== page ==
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Competition: an objective way to select a supervisor.

Selection of a new supervisor from the ranks of technologists is usually preordained: Most laboratories turn almost automatically to the candidate with the greatest seniority or technical competence. Our blood bank decided to introduce competition into the selection process, and it has told us much more, in an objective way, about the leadership potential of our technologists.

Candidates receive scores in several areas--how intelligently they critique the department they seek to head; the outcome of an interview with the medical director; their responses in a meeting with all supervisors in the lab, at which they're asked to solve hypothetical supervisory problems; and their experience and past professional conduct (Figure 1).

The ultimate mark of leadership is the ability to direct others in accomplishing a task. A supervisor must also define objectives, establish priorities, recognize the importance of delegation, understand employees and their motivations, communicate ideas, and develop an effective leadership style. Untested promise along such lines is not easily identified. Our system provides the needed testing.

In the past, only one or two really qualified candidates surfaced whenever we sought a supervisor. If we had to make a choice, interviews and a review of personnel files seemed to furnish sufficient input. That worked, more or less, until two supervisory positions opened up in the blood bank, for the component preparation lab and the compatibility lab. The jobs attracted no fewer than seven applicants, all of them comparably qualified in terms of experience and proficiency. Forced to dig deeper into each individual, we hit upon the idea of a competitive search.

The process begins with posting of the job opening. Those interested in applying must submit a written evaluation of the department that has the vacancy. They are asked to define objectives, list strengths and weaknesses, suggest improvements, and discuss the department's future direction. Although a candidate may not be working in that department, good communication throughout the blood bank makes employees generally knowledgeable about every area.

These critiques are submitted to the laboratory secretary, who retypes them and distributes copies--without the authors' names on them--to current supervisors. Keeping the applicants anonymous at the outset enables the supervisory team to consider the proposals more objectively. In our 100-point scoring system, a maximum of 25 points is allotted for this part of the selection process. And applicant's grade is the average of all the supervisors' scores.

Supervirors look at the critiques much the way an instructor grades an essay question. Any number of responses can be correct, but some will indicate a sounder supervisory outlook than others. One applicant's objectives for the compatibility laboratory included efforts to maximize productivity while insuring safe transfusions. Another applicant said that performing surgical crossmatches on the afternoon shift, instead of all day long, would increase productivity. Several applicants advocated changes in staffing patterns to help the blood bank meet future needs.

Next, each applicant is interviewed by the medical director on his or her professional goals and reasons for seeking the supervisory position. The medical director awards up to 10 points for this part of the competition.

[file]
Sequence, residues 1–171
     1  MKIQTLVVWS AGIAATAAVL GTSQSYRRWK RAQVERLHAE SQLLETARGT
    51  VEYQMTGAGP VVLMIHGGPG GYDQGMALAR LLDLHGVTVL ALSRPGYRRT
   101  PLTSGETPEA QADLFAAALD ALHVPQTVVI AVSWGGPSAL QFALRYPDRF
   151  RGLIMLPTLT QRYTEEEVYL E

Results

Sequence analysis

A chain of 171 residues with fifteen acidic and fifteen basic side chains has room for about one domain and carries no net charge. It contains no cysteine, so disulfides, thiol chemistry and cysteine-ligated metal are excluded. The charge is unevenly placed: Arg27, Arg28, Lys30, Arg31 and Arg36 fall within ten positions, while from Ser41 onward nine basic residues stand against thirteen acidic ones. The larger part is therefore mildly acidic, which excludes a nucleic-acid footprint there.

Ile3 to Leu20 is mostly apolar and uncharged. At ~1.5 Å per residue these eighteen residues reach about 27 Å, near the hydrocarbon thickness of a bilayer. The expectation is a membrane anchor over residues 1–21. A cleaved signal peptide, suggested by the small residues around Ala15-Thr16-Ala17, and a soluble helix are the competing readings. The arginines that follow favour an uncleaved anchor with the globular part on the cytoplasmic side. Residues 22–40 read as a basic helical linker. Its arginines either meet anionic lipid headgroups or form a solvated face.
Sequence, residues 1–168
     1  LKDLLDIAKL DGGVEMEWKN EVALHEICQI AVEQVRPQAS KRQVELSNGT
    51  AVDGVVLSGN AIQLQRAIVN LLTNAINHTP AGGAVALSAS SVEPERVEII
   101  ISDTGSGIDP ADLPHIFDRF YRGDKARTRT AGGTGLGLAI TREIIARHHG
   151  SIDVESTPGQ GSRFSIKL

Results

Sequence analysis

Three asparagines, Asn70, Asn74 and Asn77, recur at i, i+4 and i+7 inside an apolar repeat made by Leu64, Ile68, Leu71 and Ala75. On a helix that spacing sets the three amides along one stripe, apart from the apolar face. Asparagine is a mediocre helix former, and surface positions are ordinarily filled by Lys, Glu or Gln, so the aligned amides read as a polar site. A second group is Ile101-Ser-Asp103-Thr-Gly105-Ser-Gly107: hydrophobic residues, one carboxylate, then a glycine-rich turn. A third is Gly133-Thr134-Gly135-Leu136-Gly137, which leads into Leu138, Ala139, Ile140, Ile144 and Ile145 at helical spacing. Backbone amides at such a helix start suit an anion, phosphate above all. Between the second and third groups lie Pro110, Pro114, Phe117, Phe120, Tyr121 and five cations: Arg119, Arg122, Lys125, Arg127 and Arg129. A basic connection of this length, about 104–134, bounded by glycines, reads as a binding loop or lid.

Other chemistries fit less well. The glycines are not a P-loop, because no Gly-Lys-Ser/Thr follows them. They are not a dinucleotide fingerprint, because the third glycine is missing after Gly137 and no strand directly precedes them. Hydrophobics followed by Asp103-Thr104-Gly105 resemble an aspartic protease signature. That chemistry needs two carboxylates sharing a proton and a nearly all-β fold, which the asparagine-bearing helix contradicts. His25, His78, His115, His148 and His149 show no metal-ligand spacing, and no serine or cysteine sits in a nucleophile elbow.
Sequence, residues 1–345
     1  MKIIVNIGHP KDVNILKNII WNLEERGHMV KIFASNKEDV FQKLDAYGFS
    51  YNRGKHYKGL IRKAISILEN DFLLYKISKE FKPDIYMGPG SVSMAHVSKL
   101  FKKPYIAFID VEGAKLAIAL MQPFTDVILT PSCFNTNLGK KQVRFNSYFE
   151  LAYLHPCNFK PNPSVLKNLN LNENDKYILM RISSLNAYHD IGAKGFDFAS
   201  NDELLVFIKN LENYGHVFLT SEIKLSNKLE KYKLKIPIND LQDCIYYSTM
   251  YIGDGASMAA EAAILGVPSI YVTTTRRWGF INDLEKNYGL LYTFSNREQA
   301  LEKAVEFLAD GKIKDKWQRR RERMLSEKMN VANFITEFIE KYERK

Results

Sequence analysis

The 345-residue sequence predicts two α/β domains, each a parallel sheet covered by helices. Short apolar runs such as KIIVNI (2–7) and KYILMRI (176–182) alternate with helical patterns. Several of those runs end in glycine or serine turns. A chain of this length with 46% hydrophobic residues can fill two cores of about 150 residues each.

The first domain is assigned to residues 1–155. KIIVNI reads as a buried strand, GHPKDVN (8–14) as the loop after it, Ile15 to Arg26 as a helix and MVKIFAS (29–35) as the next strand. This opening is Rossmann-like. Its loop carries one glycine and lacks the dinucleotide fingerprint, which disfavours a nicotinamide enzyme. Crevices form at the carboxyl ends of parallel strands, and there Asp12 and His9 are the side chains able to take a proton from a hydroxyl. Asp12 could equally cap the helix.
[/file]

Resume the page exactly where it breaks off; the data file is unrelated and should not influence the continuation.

Then comes a meeting with all members of the laboratory supervisory team. The applicant is presented with four or five situations that might confront a supervisor and asked how they shuld be handled. A philosophical question may occasionally be thrown in--for example, "How do you view the supervisory position in relation to overall management of the laboratory?" But we're more interested in the practical side:

"A special project arises in your department. Do you select an employee who is very enthusiastic and will get the job done quickly, or do you use the project as an opportunity to motivate and build self-confidence in an employee who lacks initiative?"

Here again, there's frequently more than one correct answer. As Figure II demonstrates, the diverse questions serve to measure management common sense and draw out applicants' views about such matters as delegation, motivation, discipline, continuing education, leadership style, and communication. Supervisors give applicants up to 25 points for this phase.

final selection is made after two more categories, experience and professional conduct, are assessed by the supervisory team. Personnel files and pasat performance appraisals are used to rate the candidates in these areas. In other words, the competition doesn't ignore what an individual has contributed thus far to the laboratory.

The experience category has a maximum point value of 10. Applicants are rated on their experience in blood banking and teaching assignments, and past supervisory experience.

The professional conduct category merits 30 possible points, the highest total in the competition. Basically, applicants are scored for what we have learned about their dependability, ability to work with others, the amount of direct supervision they need, willingness to communicate problems to their supervisors, self-motivation, work habits, and initiative.

Finally, we add up the numbers, and the applicant with the top score gets the job. This largely objective process zeros in on the best candidate, in our experience. Supervisors selected via the competitive route have gone on to demonstrate superior management abilities.
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Author:Sherwin, Judith A.
Publication:Medical Laboratory Observer
Date:Jun 1, 1985
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